I would not consider myself a religious person. Honestly, I don’t understand how anyone could think of me as religious. So when I ask friends for class notes because I've missed a lecture due to a religious holiday, I always get weird looks.
I’m Jewish (emphasis on the “ish”). I practice occasionally, follow some traditions, but mostly I don’t think about it. Growing up, this was especially true; causal Judaism was all around me. There was no reason to think about it or question it. Since arriving at UBC, I’ve spent more and more time thinking about religion. It’s not that I’ve had a religious epiphany or found God, but the diversity of religion and faith at UBC has forced me to be conscious of my faith, family history and traditions.
Mostly, I think about religion's role in my life and the lives of students around me. What role does religion play on a 21st century university campus?
Weird little box
I grew up keeping kosher (mostly). My public high school in the suburbs of Boston had Jewish holidays off because such a large proportion of the town was Jewish. I had a bar mitzvah. I went to temple for Rosh Hashanah and Yom Kippur. I celebrated all, but only, the major holidays.
A day or two after arriving at UBC, I bumped into two rabbis on campus. I had yet to realize I’d left my bubble in the terminal of Boston’s airport. Rabbi Chalom (pronounced sha-lom) Loeub helped me hang a mezuzah — a piece of parchment in a decorative box inscribed with verses from the Torah — on my door. I didn’t think anything of it.
The next day, I was studying with my door open and someone popped their head in to ask what the box on my door was. They seemed genuinely curious.
“Weird,” I thought. Everyone knows what a mezuzah is.
The same thing happened the next day, and the day after. Sometimes it was friends coming over to hang out, other times it would be neighbours and other residents asking when I had my door open. On more than one occasion, I had very drunk people knock on my door in the middle of the night to ask about my “box.”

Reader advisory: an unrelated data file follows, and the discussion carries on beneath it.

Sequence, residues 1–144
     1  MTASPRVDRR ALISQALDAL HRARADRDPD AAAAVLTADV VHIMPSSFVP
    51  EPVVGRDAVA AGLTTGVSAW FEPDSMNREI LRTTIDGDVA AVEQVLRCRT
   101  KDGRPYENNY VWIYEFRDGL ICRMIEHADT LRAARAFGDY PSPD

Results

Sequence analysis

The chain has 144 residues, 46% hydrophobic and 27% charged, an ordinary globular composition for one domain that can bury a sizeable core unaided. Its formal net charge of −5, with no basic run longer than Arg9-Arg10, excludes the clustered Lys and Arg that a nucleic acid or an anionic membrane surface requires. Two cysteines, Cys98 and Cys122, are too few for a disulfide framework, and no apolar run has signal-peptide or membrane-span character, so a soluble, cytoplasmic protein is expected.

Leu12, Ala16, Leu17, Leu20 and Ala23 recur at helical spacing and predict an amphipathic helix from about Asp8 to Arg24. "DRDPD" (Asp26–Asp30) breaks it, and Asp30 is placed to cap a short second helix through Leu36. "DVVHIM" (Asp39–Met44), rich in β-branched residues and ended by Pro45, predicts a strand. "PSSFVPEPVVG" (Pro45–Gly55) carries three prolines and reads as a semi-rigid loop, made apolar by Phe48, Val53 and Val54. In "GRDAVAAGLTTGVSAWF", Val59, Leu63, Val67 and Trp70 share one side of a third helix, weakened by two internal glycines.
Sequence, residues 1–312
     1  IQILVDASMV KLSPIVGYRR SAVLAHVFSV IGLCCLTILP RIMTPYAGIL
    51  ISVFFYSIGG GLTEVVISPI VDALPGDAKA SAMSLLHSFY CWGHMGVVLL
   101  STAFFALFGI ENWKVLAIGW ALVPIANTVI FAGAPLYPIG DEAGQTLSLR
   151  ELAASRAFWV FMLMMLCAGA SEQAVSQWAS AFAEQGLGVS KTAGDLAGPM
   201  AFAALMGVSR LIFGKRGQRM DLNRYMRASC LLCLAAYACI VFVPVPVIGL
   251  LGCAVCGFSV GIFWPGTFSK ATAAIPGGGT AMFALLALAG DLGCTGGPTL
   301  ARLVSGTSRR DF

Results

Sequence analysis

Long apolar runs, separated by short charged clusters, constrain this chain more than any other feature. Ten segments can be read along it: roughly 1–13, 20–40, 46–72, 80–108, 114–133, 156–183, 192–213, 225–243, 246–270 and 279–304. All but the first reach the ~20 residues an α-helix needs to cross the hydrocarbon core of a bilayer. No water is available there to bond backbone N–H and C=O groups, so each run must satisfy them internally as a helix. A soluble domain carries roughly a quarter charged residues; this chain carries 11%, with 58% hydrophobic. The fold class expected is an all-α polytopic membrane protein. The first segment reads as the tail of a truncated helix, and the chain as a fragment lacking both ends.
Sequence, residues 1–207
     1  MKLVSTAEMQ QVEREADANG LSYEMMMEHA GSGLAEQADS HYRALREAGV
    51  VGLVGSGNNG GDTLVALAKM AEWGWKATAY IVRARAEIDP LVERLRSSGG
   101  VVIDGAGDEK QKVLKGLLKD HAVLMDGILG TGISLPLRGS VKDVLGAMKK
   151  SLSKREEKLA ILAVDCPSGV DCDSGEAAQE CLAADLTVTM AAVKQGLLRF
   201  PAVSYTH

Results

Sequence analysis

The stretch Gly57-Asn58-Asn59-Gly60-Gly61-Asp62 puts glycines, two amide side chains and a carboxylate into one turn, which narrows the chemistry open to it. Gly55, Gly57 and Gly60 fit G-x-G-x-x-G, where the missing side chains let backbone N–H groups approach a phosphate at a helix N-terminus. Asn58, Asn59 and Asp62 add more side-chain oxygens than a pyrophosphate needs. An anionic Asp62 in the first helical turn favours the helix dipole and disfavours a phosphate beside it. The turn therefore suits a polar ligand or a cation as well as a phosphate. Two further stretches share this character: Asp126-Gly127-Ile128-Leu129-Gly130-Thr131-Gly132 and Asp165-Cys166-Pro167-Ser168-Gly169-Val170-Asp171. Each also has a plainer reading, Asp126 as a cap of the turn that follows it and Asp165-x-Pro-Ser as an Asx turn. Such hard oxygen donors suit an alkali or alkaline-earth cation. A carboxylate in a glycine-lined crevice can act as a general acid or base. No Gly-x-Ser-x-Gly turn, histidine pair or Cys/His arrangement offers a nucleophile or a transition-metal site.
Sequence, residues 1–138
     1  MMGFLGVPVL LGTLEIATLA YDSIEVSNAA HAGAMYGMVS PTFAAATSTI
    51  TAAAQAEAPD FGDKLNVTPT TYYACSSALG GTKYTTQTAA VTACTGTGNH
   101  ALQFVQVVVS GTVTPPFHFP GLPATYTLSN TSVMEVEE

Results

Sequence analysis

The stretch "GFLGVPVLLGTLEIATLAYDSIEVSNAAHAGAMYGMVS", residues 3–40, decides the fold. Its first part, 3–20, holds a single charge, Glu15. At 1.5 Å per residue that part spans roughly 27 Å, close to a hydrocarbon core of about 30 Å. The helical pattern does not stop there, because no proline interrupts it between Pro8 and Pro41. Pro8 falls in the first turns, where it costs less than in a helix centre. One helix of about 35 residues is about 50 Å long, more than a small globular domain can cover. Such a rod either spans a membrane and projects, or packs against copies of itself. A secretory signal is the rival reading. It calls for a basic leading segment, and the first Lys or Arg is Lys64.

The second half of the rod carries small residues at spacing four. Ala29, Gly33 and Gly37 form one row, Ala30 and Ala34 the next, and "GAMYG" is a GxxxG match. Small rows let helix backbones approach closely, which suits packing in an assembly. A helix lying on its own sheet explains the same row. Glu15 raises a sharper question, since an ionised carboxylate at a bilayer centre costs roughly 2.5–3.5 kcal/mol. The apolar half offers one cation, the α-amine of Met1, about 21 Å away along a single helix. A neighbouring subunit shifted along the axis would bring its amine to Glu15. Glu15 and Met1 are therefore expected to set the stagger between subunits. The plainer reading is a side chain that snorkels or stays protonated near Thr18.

Over my first few months at school, I had experience after experience that was new to me. First I missed class for some holidays and asked for notes. None of my classmates knew what the holidays were. Then someone offered me some pork and I said no thanks, I don’t eat pork.
“You don’t like pork?”
“No,” I responded, “I don’t really eat it.” It took a little while to explain why.
All of these experiences were positive. Genuinely curious people would ask thoughtful and respectful questions about my customs, traditions and beliefs. I’d answer them, appreciative of people taking the time to listen, and in return, I’d learn about their own religions and histories.
I never stopped to try and poke holes in the bubble that I lived in. I assumed everyone got Jewish holidays off from school and everyone knew what Hanukkah was about, what a mezuzah is and that it’s not a hat, it’s a kippa.
I didn’t pop my bubble, my bubble was popped for me.
Student vs. religion
“In this day and age, everyone is used to having things instantaneously. I feel like religion needs to catch up with that kind of framework,” said Rabbi Chalom, the Chabad rabbi on campus whom I often go to for services. “[Judaism] promotes hard work paying off. There is a saying in the mishna (a rabbinical text): ‘with painstaking effort comes great reward.’”
Rabbi Chalom (the Hebrew word for peace, hello and goodbye) also spoke of Judaism's views on questioning as important on campus. “Asking questions in Judaism is the pinnacle of its existence. Without questions, who are we?”
This questioning is certainly something I’ve taken to heart — just ask my mom how annoying I was as a child. It’s that same questioning that led me to pursue a degree in science and is foundational to my work as a journalist. Being a student and being Jewish are synonymous to me.
Yahya Abdihadi, the president of the Muslim Student Association (MSA) on campus and a fellow third-year biology student, sees his faith’s role in his studies a little differently.
“The biggest thing for me is discipline and I think that’s something every student needs. There are some days you don’t want to finish that assignment — you’d much rather sleep or you’d much rather go out,” said Abdihadi. Learning discipline from praying five times a day has helped him become a better student.
But in other ways, the role of religion in our lives and as students is very similar.